Terry Jeffrey

Shortly before Iraq finally formed its coalition government this spring, one of that nation's leading Shiite Ayatollahs, Ahmad Al-Baghdadi, gave a televised sermon explaining his views on jihad.

"If the objective and subjective circumstances materialize, and there are soldiers, weapons and money -- even if this means using biological, chemical and bacterial weapons -- we will conquer the world, so that 'There is no God but Allah, and Muhammad is the Prophet of Allah' will be triumphant over the domes of Moscow, Washington and Paris," the Ayatollah said in a sermon recorded by The Middle East Media Research Institute.

"This Arab Islamic nation must obtain a nuclear bomb," the Ayatollah said in a subsequent TV interview.

Now, it is an ironic fact that among those who ought to be praying most fervently for the success of the teetering U.S. experiment in democracy in Iraq are the non-democratic leaders of nearby Sunni Arab regimes.

Last week in Cairo, Secretary of State Condoleezza Rice conferred with a group of such leaders from Egypt, Jordan and the nations of the Gulf Cooperation Council, which includes Saudi Arabia, Kuwait, Bahrain, Qatar, the United Arab Emirates and Oman.

Her agenda included the efforts to restore stability in Iraq and to stop Iran from acquiring nuclear weapons.

Sunni Arab leaders now see these causes as intimately linked -- because they see themselves sinking into a Cold War, or worse, with a Shiite Iran that is exploiting the unrest in Shiite-majority Iraq.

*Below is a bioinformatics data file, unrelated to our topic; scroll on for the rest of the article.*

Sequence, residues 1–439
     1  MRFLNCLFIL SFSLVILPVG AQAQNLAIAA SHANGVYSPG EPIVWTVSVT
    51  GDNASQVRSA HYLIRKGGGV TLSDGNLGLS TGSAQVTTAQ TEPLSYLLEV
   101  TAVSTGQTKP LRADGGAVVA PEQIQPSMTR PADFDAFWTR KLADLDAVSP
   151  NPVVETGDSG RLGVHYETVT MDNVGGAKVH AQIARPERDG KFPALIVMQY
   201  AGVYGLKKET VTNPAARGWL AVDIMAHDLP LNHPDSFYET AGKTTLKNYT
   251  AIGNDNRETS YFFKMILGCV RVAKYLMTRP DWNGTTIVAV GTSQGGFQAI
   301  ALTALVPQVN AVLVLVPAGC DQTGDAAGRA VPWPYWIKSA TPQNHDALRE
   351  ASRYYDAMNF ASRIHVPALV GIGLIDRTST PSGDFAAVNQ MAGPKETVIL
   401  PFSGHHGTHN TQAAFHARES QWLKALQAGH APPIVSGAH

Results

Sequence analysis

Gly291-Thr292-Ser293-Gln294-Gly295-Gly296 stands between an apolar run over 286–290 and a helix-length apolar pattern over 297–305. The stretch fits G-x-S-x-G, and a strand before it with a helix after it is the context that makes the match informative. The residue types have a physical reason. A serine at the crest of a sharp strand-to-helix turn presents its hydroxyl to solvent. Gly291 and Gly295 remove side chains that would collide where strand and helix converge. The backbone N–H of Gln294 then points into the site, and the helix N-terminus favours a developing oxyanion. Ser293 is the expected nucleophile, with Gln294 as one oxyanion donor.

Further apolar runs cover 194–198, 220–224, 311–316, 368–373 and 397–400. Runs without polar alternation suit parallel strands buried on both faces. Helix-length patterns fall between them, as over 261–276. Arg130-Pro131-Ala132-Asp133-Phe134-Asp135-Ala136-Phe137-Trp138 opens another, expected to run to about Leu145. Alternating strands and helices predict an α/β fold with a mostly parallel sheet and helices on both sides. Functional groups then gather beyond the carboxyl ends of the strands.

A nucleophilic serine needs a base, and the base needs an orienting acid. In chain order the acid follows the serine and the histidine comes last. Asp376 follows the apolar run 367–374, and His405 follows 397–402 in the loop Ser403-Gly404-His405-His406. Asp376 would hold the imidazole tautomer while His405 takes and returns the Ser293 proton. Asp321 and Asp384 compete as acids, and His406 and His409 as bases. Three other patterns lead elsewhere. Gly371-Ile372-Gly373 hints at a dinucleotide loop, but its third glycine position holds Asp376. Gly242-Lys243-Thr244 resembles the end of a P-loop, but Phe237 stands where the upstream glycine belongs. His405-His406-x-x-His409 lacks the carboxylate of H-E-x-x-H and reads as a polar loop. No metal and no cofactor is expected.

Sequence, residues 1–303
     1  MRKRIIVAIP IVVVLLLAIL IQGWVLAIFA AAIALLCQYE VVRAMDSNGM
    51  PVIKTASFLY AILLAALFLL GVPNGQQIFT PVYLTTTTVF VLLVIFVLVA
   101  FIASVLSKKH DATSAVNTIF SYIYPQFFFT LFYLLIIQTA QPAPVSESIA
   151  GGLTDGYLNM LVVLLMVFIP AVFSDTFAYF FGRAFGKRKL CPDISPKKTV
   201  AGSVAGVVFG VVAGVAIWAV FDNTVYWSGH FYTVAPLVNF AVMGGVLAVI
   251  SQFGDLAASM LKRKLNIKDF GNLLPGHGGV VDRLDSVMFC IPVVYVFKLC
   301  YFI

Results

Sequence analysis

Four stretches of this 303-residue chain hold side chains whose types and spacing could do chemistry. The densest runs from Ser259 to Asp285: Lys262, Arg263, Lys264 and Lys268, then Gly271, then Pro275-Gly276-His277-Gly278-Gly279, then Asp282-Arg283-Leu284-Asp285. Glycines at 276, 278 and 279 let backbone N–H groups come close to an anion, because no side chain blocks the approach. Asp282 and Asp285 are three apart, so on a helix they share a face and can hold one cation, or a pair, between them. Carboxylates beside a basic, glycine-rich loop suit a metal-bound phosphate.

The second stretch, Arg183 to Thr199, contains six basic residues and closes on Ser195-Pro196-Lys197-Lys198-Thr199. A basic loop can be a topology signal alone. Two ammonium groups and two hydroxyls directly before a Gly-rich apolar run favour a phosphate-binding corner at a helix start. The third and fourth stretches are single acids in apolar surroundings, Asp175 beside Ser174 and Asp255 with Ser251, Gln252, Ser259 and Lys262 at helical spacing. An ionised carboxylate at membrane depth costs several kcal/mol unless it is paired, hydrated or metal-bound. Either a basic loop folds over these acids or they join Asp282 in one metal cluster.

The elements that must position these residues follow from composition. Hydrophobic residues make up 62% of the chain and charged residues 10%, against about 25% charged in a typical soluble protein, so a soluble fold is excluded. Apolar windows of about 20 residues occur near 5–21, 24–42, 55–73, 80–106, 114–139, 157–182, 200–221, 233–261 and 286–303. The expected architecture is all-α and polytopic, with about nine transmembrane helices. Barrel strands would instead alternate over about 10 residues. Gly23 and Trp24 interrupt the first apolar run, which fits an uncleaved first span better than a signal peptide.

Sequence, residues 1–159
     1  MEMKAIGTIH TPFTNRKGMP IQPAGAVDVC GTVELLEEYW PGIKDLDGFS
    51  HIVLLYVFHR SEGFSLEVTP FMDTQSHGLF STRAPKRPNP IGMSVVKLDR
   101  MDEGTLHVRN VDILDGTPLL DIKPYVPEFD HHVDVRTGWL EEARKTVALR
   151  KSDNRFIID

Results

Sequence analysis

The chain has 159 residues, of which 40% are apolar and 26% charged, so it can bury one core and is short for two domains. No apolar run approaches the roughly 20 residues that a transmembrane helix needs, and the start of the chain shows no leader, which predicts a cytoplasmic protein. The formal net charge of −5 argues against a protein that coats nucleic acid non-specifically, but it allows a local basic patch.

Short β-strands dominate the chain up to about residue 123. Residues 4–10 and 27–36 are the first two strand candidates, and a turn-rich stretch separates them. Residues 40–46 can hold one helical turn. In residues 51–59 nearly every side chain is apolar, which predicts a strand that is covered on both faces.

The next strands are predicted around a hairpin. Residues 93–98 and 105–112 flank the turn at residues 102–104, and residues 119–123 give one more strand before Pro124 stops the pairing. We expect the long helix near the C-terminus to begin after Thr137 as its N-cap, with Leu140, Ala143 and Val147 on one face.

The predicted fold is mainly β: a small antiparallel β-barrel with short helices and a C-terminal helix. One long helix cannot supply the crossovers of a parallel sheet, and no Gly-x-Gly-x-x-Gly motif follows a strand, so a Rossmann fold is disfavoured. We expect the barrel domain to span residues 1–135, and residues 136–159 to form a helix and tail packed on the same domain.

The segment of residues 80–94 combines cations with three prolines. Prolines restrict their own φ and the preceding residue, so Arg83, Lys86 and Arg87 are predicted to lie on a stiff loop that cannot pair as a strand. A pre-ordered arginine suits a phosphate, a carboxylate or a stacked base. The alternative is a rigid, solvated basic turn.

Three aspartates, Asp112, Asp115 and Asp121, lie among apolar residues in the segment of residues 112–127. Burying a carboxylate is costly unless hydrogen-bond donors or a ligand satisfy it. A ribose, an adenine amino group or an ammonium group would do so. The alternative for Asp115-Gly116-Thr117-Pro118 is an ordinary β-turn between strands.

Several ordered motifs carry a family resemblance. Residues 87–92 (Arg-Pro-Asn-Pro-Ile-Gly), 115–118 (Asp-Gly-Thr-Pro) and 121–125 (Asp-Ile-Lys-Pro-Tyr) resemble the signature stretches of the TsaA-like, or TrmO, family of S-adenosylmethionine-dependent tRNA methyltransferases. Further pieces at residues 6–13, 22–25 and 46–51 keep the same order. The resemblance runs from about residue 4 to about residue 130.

Events this summer intensified longstanding Sunni Arab anxiety about Iran's intentions. In Iraq, even after the formation of the coalition government, the level of sectarian violence exploded -- driven in large part by Iranian-backed Shiite militias. In Lebanon, Iranian-backed Hezbollah launched an unprovoked war against Israel and plunged that nation into chaos.

An unbridled sectarian civil war in Iraq, Sunni Arab leaders fear, could gallop across their borders, with Iran arming local Shiite militants just as it has in Lebanon and Iraq.

Were Iran to secure nuclear weapons, it could sow Shiite revolution with impunity.

The Sunni Arab anxiety about Iraq and Iran is rooted in demographics. Every GCC state is a Sunni monarchy or emirate that governs at least some Shiites. Bahrain, according to the State Department report on religious freedom, has a Shiite majority that has "often resented minority Sunni Muslim rule." Kuwait's Shiite minority is 30 percent; the United Arab Emirates', 15 percent; and Qatar's, 10 percent. Oman, said State, has "a small but significant population of Shiite Muslims concentrated in the capital area and along the country's Batinah coast."

Terry Jeffrey

Terence P. Jeffrey is the editor-in-chief of CNSNews

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